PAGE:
I use the Shanti mantra Saha nau vavatu… every day. It’s all about working together and ends with may we have no enmity between us. No hostility, no animosity. It is so easy to slip from trust to un-trust. It’s a bit like doing a difficult asana, sometimes you just got to hold on and breathe. And then you move on, happiness is the space between stress, between inhale and exhale. Happiness is yours.
1st of Sept 2020
01st September 2020
When I first moved down to London from Scotland, people asked if I’d be staying. Assuming that ‘why would I want to live in London when Scotland was so beautiful’. Well, I’m still here. Yes of course Scotland is beautiful but one can find beauty in the most unlikely of places. People also said I’d not manage more than three years of teaching Mysore mornings, I’d burn out, well I’m still here. Which brings me onto Santosha, contentment.
Of course, we’d all love to be blissfully bouncing around in samadhi (that is if we didn’t know we’re already there, we just need to real eyes). But failing that contentment would be very nice indeed. But unhappiness knocks on all our doors in many ways. In the failings of others, in the failing of ourselves.
Often we respond with anger, this may not manifest as shouting but as snide remarks or internal frustration. In our practice, we have the opportunity to make changes in the way we think. And to use that as a way to enhance our daily life. So an example might be you’re trying to get into marichasana d, which you know you can do but last nights pizza or some stress from work is making it more difficult. So now you feel anger. The anger is there because in the past you could do it and you’re focusing on the past. Being able to do marichasana d is not the point, the point is to be here and now, to be present while you’re doing whatever you are doing. Not thinking about how it was or what difficult asana is coming up soon. The ‘perfection’ of the asana is not the point. Be here now. And we certainly shouldn’t get caught up in other peoples practice!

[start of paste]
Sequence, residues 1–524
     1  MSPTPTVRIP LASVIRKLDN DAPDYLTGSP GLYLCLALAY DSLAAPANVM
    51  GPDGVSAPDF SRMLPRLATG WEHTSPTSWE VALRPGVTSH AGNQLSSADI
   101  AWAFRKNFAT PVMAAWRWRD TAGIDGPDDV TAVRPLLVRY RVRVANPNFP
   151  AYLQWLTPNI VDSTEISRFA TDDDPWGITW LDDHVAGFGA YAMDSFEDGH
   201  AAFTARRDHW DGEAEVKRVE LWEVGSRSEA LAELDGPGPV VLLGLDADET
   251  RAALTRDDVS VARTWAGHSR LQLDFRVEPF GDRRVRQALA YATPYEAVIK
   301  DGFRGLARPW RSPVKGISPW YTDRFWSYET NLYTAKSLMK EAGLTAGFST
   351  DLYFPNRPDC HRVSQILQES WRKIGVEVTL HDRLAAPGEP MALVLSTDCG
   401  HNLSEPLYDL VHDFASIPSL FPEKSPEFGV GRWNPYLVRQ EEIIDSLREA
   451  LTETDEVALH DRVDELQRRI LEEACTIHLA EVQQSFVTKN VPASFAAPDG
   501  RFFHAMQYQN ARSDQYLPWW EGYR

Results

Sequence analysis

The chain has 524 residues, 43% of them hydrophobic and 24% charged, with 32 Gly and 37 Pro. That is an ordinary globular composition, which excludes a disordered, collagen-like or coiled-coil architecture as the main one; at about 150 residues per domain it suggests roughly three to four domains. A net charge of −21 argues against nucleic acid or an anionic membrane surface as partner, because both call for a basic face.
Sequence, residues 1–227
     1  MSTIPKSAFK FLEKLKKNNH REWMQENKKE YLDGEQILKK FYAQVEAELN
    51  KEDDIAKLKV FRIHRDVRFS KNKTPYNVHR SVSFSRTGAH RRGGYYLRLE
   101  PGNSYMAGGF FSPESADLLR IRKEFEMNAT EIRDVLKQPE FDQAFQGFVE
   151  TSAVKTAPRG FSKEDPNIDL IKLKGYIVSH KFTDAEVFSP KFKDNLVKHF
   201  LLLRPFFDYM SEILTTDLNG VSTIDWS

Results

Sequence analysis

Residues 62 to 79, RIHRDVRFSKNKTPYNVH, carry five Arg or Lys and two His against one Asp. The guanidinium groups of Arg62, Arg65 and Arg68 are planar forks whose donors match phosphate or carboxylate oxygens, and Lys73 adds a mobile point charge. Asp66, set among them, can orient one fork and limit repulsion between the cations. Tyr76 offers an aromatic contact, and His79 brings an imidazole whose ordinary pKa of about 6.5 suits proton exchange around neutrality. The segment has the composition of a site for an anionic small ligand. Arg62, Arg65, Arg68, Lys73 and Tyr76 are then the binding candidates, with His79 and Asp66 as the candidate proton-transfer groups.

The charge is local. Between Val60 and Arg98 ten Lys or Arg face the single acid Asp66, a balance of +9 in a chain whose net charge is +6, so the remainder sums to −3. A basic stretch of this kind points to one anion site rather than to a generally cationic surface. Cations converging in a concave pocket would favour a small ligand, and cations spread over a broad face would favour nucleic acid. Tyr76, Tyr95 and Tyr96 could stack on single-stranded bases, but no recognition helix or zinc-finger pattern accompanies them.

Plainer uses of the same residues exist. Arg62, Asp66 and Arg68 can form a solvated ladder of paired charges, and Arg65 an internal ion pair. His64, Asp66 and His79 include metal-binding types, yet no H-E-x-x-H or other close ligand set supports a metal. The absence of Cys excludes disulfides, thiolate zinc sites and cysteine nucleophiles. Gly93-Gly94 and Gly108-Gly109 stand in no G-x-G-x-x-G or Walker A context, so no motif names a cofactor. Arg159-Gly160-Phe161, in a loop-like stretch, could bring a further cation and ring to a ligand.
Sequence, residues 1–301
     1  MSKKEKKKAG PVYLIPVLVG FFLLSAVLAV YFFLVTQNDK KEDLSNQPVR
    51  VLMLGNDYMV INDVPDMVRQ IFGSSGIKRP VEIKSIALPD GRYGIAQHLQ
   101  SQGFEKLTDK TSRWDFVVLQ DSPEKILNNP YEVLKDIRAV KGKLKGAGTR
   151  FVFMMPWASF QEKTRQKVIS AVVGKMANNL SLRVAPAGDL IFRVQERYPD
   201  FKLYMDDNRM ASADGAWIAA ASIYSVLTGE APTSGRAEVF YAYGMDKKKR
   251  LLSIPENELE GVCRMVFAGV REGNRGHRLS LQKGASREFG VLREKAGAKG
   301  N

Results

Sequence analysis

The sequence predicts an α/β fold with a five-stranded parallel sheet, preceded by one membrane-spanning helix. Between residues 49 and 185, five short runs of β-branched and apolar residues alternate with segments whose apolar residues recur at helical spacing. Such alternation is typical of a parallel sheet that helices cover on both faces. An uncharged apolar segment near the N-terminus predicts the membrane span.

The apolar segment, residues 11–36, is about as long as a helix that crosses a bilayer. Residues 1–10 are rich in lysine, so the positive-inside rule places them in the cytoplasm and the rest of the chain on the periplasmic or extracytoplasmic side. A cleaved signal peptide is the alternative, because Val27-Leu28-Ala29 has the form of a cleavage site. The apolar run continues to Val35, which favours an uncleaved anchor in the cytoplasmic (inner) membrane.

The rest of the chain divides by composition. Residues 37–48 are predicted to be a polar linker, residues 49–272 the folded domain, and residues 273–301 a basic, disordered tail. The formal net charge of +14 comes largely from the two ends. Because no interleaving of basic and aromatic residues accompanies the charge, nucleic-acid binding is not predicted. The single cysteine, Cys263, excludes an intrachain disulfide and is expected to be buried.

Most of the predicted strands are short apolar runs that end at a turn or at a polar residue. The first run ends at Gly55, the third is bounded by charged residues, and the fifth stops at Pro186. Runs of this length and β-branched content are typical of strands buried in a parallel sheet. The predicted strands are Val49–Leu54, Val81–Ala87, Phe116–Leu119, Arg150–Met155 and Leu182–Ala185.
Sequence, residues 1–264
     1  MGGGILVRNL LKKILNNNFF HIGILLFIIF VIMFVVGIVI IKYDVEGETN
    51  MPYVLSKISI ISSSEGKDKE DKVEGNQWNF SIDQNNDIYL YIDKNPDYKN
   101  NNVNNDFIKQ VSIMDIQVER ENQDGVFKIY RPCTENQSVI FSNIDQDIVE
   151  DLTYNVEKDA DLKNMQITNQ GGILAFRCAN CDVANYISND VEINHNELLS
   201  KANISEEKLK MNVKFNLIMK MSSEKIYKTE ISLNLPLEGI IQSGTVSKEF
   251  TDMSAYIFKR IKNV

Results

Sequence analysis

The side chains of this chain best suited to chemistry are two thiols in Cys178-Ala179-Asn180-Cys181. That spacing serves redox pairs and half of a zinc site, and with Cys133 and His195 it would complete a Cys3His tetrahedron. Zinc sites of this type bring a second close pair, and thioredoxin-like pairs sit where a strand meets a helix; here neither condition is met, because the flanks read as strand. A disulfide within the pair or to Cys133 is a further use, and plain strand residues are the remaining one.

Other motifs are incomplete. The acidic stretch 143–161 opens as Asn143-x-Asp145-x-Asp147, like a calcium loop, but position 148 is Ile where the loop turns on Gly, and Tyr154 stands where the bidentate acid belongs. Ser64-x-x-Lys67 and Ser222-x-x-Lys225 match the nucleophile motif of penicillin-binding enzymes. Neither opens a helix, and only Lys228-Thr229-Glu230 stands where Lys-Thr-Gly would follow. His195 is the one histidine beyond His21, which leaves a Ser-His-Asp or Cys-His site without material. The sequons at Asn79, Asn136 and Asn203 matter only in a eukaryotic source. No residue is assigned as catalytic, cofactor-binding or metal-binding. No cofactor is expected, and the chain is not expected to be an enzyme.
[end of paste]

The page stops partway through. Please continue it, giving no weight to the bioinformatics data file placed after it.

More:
Other people (usually people we love) annoy the fuck out of us. Whatever it is that has annoyed you there is a good way and a not so good way to respond. This leads me in a roundabout way to Krishna and Arjunas relationship. They’re known as best of friends. A man brought up as a cow heard and a man brought up a royal prince. An odd combination. Showing that we shouldn’t judge others for what they do or from where they have come from. Krishna becomes Arjunas teacher. But not until Arjuna asks. Krishna never forces his teachings. He always gives Arjuna autonomy saying he always has the choice. (Even though free will is pretty debatable). This is really an important part of teaching. Being self-sufficient on a spiritual path is something we all need to gain.
Krishna is always honest with Arjuna, he doesn’t beat around what he is trying to say in a very English sort of way. He is direct without being confrontational or unkind. Sometimes being honest is not always easy. You’d think it should be but it can present a problem when we fear we may hurt someone. Being honest while remaining kind is always difficult.
You can’t go over it you can go under it you can’t go around it, we have to go through it. We need empathy. Of course, we all think we are empathetic and usually, one person in a relationship is more empathetic than the other and it’s always you. When we are empathetic we understand not only why someone says or does something but their thinking/beliefs behind that. Being empathetic for some comes easy for some of us we have to work at it. Being empathetic gets damaged by trauma. Being empathetic is part of being human. When we are not we dehumanise. To increase our empathy the first step is to look at our own feelings and beliefs when we practice. If we can first understand that we can then take that and let it change our daily life. By looking at our inner world we can see that others also have an inner world.
Being content in yoga is the first step. If we can find that even if we are having the shittest of shit days then we will start to find contentment in the most unlikely of places.